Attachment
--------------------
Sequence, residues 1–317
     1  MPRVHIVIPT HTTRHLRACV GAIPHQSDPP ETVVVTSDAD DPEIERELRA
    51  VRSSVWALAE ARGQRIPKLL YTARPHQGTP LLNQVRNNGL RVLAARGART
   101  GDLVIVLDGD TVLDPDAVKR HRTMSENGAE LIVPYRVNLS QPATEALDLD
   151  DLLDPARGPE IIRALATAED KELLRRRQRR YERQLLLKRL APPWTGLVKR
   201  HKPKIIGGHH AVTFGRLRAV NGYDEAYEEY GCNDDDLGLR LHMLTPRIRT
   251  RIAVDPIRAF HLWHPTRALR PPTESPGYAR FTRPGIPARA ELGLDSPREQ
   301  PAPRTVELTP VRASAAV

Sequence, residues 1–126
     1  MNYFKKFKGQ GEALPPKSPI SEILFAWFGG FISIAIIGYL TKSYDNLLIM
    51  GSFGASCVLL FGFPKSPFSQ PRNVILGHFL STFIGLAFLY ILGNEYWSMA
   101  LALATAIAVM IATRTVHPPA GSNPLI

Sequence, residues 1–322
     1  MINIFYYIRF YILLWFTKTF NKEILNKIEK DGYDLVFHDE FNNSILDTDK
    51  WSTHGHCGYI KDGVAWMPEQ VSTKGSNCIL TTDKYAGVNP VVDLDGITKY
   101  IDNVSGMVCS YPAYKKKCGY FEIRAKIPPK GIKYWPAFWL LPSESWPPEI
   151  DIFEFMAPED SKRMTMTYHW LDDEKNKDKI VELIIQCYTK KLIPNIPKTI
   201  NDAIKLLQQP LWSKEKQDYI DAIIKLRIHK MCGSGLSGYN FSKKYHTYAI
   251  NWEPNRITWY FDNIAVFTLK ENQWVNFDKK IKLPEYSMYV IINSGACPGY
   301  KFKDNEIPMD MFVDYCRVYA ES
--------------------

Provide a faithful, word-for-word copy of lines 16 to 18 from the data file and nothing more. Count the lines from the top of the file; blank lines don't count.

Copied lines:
   101  IDNVSGMVCS YPAYKKKCGY FEIRAKIPPK GIKYWPAFWL LPSESWPPEI
   151  DIFEFMAPED SKRMTMTYHW LDDEKNKDKI VELIIQCYTK KLIPNIPKTI
   201  NDAIKLLQQP LWSKEKQDYI DAIIKLRIHK MCGSGLSGYN FSKKYHTYAI